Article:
A rendering of the whale car wash used to market to potential franchisees around the country. | Buffalo Stories archives

Yesterday we featured a neat story about how one city in Wisconsin is trying to preserve the old mascot of one of their longest car wash chains. Ozzie the Octopus has adorned three Madison, Wisconsin car wash businesses for more than 50 years. But the signs came down when the business changed hands this year.

Now we have a neat story about another car wash mascot that became a fixture in its own right. BuffaloNews.com brought an old story out of its archives this week looking at an old car wash in Western New York that had drivers pull through the mouth of a fiberglass whale to be serviced. The picture here shows what the whale was designed to look like but it fell into disrepair after it closed down.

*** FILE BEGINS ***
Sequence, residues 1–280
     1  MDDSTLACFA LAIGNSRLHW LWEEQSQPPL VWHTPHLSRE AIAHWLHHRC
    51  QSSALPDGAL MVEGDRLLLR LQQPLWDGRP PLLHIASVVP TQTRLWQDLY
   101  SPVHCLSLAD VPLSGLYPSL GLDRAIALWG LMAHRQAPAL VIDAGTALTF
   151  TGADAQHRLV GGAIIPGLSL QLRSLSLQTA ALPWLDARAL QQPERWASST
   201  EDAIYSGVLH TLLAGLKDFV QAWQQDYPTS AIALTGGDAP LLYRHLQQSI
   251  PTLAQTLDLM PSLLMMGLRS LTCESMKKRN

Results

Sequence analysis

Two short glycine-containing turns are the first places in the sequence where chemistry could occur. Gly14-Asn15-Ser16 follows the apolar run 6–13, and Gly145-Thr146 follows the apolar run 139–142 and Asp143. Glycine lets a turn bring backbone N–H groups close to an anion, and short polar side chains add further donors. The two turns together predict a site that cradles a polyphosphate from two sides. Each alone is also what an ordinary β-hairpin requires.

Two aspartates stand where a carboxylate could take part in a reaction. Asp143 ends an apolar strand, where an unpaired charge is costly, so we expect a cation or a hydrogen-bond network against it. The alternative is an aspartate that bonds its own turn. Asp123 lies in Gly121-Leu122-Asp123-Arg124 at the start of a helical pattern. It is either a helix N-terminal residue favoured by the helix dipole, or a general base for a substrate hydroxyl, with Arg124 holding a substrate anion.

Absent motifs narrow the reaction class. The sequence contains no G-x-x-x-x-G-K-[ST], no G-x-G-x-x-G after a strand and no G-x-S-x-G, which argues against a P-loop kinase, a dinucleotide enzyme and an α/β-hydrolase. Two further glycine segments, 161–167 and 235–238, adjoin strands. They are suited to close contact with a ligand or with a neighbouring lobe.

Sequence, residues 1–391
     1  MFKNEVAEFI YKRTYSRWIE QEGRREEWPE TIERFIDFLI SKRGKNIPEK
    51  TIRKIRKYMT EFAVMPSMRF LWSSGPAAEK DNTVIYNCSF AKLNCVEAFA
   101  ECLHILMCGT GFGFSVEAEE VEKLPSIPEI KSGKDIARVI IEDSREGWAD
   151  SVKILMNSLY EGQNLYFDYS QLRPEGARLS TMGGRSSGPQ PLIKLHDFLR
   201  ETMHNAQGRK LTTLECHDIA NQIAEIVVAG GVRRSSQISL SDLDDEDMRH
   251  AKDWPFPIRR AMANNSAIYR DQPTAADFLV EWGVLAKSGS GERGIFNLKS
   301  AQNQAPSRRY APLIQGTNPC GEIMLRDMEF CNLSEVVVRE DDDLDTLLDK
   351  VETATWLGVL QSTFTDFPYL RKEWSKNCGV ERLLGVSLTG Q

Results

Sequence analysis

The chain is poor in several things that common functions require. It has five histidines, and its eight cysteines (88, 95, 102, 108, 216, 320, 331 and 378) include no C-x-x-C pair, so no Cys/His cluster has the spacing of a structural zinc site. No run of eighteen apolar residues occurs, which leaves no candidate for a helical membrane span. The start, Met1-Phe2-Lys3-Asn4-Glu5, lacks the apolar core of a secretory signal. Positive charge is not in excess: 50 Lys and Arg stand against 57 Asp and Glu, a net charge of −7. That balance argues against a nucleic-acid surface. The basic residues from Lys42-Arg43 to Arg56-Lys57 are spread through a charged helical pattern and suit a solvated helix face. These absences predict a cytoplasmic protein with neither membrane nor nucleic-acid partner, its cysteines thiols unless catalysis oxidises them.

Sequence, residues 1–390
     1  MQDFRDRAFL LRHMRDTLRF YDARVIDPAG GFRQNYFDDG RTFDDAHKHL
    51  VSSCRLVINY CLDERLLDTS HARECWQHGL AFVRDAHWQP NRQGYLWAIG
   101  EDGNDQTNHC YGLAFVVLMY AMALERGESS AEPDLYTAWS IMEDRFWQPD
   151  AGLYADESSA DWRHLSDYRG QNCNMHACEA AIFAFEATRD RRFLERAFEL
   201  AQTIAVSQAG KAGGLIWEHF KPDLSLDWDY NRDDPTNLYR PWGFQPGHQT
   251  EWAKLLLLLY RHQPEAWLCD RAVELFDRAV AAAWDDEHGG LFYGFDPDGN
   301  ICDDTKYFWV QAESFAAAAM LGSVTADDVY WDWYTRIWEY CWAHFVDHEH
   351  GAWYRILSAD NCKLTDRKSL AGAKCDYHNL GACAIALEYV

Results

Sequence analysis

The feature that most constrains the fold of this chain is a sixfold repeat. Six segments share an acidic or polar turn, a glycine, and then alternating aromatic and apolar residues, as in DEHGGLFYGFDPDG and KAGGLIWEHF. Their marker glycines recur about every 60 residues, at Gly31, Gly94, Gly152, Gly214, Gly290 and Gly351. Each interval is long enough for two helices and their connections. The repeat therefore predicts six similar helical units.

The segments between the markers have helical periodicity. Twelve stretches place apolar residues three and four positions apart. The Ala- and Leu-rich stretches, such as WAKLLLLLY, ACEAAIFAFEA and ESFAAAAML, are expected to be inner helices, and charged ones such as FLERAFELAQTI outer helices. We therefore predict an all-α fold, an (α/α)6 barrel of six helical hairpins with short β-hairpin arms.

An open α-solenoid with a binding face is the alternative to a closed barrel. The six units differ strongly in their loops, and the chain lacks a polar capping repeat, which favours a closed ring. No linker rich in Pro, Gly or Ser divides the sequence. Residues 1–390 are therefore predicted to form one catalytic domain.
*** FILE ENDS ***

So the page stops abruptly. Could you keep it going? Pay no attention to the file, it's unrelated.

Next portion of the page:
The big blue whale car wash sat on Young Street in Tonawanda near an amusement park. Built in 1973, the whale was supposed to be a prototype for a slew of franchises. Buffalo’s Milton Car Wash Equipment Co. had the whale made out of fiberglass on a steel frame. It was 83 feet long, 22 feet high and about 30 feet wide.

When the car wash opened in 1973, town officials loved it. The mayor himself said the business would be a “welcome attraction” and people seemed to love the fiberglass seahorses and palm trees that surrounded the wash. But it turns out residents thought the thing was pretty ugly. It closed by 1983 and Willy the Whale, as he came to be known, sat there rotting for the next two years until he was torn down and replaced with a Wendy’s.